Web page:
The Sylva Americana: Or, A Description of the Forest Trees Indigenous to the United States, Practically and Botanically Considered

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W. Hyde & Company, 1832 - Arboriculture - 408 pages
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Page 6 - Men seldom plant trees till they begin to be wise, that is, till they grow old, and find by experience the prudence and necessity of it.
Page 345 - ... trees are desired; then, with the budding-knife, make a horizontal cut across the rind, quite through to the firm wood ; from the middle of this transverse cut make a slit downward, perpendicularly, an inch or more long, going also quite through to the wood. This done, proceed with all expedition to take off a bud ; holding the cutting...
Page 75 - If the injured ear is struck with the finger, the powder will be dispersed like n cloud of black smoke ; and if a portion of the powder is wetted by a drop of water and put under the microscope, it will be found to consist of millions of minute and transparent globules, which seem to be composed of a clear and glairy fluid, encompassed by a thin and skinny membrane.
Page 233 - ... of the summits of those that are felled for timber, and of limbs broken off by the ice which sometimes overloads the leaves. It is worthy of remark that the branches of resinous trees consist almost wholly of wood, of which the organization is even more perfect than in the body of the tree.
Page 344 - INOCULATION, or BUDDING.—" The object in budding is the same as in grafting, and depends on the same principle ; all the difference between a bud and a scion being that a bud is a shoot or scion in embryo. " A new application of budding has been made by Knight. It is that of transferring ' a part of the abundant blossom-buds from one tree to the barren branches of others.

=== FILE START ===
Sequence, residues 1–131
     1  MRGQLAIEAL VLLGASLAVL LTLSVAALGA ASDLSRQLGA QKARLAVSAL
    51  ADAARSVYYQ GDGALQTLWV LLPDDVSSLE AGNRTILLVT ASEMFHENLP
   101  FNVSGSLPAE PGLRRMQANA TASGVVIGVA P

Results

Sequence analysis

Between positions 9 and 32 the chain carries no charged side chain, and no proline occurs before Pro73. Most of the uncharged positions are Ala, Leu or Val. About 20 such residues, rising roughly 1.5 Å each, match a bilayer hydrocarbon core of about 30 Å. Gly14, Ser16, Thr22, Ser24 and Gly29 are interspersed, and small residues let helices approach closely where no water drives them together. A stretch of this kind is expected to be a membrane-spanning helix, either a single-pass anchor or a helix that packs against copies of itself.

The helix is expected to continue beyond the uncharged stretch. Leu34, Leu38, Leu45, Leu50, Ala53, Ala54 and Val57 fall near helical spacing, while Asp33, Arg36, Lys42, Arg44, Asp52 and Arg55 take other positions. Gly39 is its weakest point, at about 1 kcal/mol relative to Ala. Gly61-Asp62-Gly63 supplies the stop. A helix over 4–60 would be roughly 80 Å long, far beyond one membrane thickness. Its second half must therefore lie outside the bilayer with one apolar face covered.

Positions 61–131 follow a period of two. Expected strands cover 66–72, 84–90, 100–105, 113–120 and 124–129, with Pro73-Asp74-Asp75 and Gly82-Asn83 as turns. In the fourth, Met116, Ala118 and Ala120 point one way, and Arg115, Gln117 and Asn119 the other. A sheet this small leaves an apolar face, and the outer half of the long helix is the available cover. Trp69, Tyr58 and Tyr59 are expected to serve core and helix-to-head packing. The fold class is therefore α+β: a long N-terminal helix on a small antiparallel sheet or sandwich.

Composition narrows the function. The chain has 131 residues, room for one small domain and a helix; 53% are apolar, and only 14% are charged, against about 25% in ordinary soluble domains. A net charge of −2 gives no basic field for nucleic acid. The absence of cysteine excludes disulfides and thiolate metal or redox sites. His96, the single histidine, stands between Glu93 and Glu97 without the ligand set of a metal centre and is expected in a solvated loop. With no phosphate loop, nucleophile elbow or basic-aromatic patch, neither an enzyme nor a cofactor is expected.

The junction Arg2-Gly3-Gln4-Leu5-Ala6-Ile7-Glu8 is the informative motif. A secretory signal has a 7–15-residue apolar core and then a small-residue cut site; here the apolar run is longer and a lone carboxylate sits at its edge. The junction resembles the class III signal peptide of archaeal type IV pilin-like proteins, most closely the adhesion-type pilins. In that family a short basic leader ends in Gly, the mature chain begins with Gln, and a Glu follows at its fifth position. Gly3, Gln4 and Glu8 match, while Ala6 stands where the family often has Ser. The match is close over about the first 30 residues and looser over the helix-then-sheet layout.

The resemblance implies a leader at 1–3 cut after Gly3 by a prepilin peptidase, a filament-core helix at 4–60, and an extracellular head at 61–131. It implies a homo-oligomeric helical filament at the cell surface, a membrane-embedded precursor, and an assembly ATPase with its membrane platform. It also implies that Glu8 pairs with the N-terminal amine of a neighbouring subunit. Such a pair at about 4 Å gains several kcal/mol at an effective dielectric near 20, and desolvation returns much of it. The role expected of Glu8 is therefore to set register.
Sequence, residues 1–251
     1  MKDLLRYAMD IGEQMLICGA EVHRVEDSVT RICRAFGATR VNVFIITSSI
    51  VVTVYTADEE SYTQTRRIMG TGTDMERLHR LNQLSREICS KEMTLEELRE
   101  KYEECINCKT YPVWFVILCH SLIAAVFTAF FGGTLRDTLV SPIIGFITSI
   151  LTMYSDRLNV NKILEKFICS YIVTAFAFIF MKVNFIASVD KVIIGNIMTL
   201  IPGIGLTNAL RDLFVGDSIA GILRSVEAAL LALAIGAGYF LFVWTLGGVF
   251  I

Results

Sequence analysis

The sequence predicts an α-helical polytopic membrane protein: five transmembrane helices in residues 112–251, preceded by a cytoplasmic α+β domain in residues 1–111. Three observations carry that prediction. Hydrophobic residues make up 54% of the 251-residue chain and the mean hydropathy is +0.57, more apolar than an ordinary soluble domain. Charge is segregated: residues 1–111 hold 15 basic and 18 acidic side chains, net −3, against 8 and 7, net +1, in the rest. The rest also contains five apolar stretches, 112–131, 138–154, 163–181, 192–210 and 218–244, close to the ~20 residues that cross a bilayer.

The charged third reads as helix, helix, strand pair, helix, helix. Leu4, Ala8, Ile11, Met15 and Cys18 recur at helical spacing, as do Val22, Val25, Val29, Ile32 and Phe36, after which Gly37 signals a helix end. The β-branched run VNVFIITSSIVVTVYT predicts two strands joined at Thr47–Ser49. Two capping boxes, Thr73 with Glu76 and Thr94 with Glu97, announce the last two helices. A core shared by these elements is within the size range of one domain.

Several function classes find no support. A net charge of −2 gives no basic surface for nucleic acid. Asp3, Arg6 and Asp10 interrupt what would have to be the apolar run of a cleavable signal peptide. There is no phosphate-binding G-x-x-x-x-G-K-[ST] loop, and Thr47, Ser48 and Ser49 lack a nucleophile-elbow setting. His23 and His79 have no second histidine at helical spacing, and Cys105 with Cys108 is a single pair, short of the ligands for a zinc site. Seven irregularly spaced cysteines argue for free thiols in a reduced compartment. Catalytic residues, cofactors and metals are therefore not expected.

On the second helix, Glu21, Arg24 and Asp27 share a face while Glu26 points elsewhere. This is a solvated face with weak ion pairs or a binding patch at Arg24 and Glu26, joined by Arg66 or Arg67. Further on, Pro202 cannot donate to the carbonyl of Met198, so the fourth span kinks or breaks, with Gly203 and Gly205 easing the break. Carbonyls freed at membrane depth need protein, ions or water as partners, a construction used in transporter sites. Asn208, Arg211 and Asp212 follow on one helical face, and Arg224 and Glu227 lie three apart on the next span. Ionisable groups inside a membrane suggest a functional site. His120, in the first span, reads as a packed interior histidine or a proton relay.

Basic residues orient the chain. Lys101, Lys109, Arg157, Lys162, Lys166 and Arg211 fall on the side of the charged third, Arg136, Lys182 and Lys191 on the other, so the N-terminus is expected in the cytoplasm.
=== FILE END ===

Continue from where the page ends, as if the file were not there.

Page 303 - ... to 100 acres in extent, some of which are accessible only in the winter when they are frozen and covered with several feet of snow. It abounds exactly in proportion to the...
Page 344 - When grafting has been omitted, or has failed, in spring, budding comes in as an auxiliary in summer. " Season of budding. — The operation of common budding is performed any time from the beginning of July to the middle of August ; the criterion being the formation of buds in the axillae of the leaf of the present year. The buds are known to be ready by the shield or portion of bark, to which they are attached, easily parting with the wood. The buds preferred are generally those on the middle of...
Page 253 - Genessee, where the winter is rigorous, the cotton wood is seventy or eighty feet in height and three or four feet in diameter. The leaves are deltoid, or trowel-shaped, approaching to cordiform, always longer than they are broad, glabrous and equally toothed ; the petioles are compressed and of a yellowish green, with two glands of the same color at the base; the branches are angular, and the angles form whitish lines, which persist even in the adult age of the tree. The female aments are six or...
Page 107 - Trees offering this disposition are rare, and do not exist in the proportion of one to a hundred. The serpentine direction of the fibre, which renders them difficult to split and to work, produces, in the hands of a skilful mechanic, the most beautiful effects of light and shade. These effects are rendered more striking, if, after smoothing the surface of the wood with a double-ironed plane, it is rubbed with a little sulphuric acid, and afterwards anointed with linseed oil.
Page 348 - Sinclair describes an improved mode of slit-planting," as follows : The operator with his spade makes three cuts, twelve or fifteen inches long, crossing each other in the centre, at an angle of sixty degrees, the whole having the form of a star. He inserts his spade across one of the rays (a), a few inches from the centre, and on the side next himself; then bending the handle towards himself and almost to the ground, the earth opening in fissures from the centre in the direction of the cuts that...

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